I honestly forgot it shared the director from Cowboy Bebop, though it was always on the tip of my tongue as Mugen’s VA is also Spike, and so I had to tell myself it was different from Bebop, and it was. To me, as someone who is deeply engrossed in Bushido and Samurai while being unable to act on those innate desires to study the way of the sword and be one with myself, every episode of the anime was deeply moving.

I was completely smitten from the start, watching an episode or two when it first aired on Adult Swim. The music, art style, movement and dialogue of the characters, and the gravity of each and every scene completely captivated me! Though I couldn’t watch it all at the time, I finally made the wise decision to set aside a few days to do so.

Story

The take on the “alternate universe Edo period” was excellent, and the main characters played off and against each other so well that I found myself rooting for a different one in each episode! The narration by a side character who eventually appeared was also a nice touch, making the opening scenes less silent.

Samurai Champloo

It gave life to the amount of time following the opening in which they had to set the mood/tone for the episode. And, despite the fact that all of the episodes were meant to follow a single timeline of the series, I think the creators did such a good job of making each one feel like its own individual story that we could get into and be sad when they ended.

Art

The fight scenes were stunning, and what drove the story for a while became “What are we doing?” which was fine for when it was introduced. Mugen and Jin were presented in a great way, with the typical “I’m a Samurai” but with the creators’ own spin on the era and personality of each character.

Backgrounds and blurred swings during fights were amazing to see because they didn’t detract from the context of the narrative or the characters but instead used silence and tones of color to capture moments and trigger emotion to the point where I’d pause and just look at several frames/scenes.

Sound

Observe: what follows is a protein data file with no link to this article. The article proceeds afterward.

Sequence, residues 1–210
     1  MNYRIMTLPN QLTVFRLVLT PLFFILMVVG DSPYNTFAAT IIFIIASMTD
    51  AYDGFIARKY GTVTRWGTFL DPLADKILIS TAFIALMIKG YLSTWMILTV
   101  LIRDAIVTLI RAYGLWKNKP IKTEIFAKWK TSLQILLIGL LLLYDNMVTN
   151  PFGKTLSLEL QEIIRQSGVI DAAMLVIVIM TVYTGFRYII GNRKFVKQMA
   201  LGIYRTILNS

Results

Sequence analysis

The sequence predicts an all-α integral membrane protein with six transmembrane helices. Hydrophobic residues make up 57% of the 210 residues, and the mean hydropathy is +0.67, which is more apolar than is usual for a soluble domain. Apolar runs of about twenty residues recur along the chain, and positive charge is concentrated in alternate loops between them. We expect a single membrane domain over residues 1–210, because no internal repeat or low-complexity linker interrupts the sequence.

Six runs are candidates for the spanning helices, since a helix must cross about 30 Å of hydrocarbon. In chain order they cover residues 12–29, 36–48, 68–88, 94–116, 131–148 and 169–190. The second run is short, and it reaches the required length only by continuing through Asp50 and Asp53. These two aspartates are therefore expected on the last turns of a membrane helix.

The soundtrack was incredible, and I want to listen to it over and over again. The opening is a knockout, and skipping it would be a heinous crime. In a way, the somber music was my favorite of all because the tones of the art and backgrounds in the scenes, as well as still shots of the characters, just popped out at me and held my attention so much more.

It was also a joy how it had a hip-hop flair to the seemingly soft style of music, and it fits with the era of Japan the show worked in. I don’t know much about the musical artists whose work was featured in Champloo, but they appear to be a hidden treasure.

Characters

The cast of characters in this was incredibly diverse, with the good, the bad, and the clearly purposefully ugly. Mugen, Jin, and Fuu were three unlikely people who happened to make a big difference in each other’s lives and embarked on a journey together. Mugen, who is stubborn and erratic, Jin, who is stoic and reserved, and Fuu, who is bubbly and determined. They clashed in the first few episodes but quickly learned to be there for each other, despite the fact that they knew so little about each other.

Samurai Champloo

For the “different” period of Japan that the show creates, the side characters are very vibrant. From the villains to the well-meaning characters, to the main characters’ former friends and allies. The special agent character who narrated the show was amusing, and some of the interactions between side characters and the main characters were quite humbling and realistic in Japan at the time.

Conclusion

I thoroughly enjoyed the show and would watch it three, maybe five more times. Every time I watched an episode, I felt completely immersed in what was going on, as if I blinked, I’d missed something incredible.

I’ve never enjoyed an anime as much as this one. Samurai 7 is also a special one for me because I am a fan of Samurai anime. It was a fantastic anime to watch, and it’s a series that I’ll definitely get my hands on.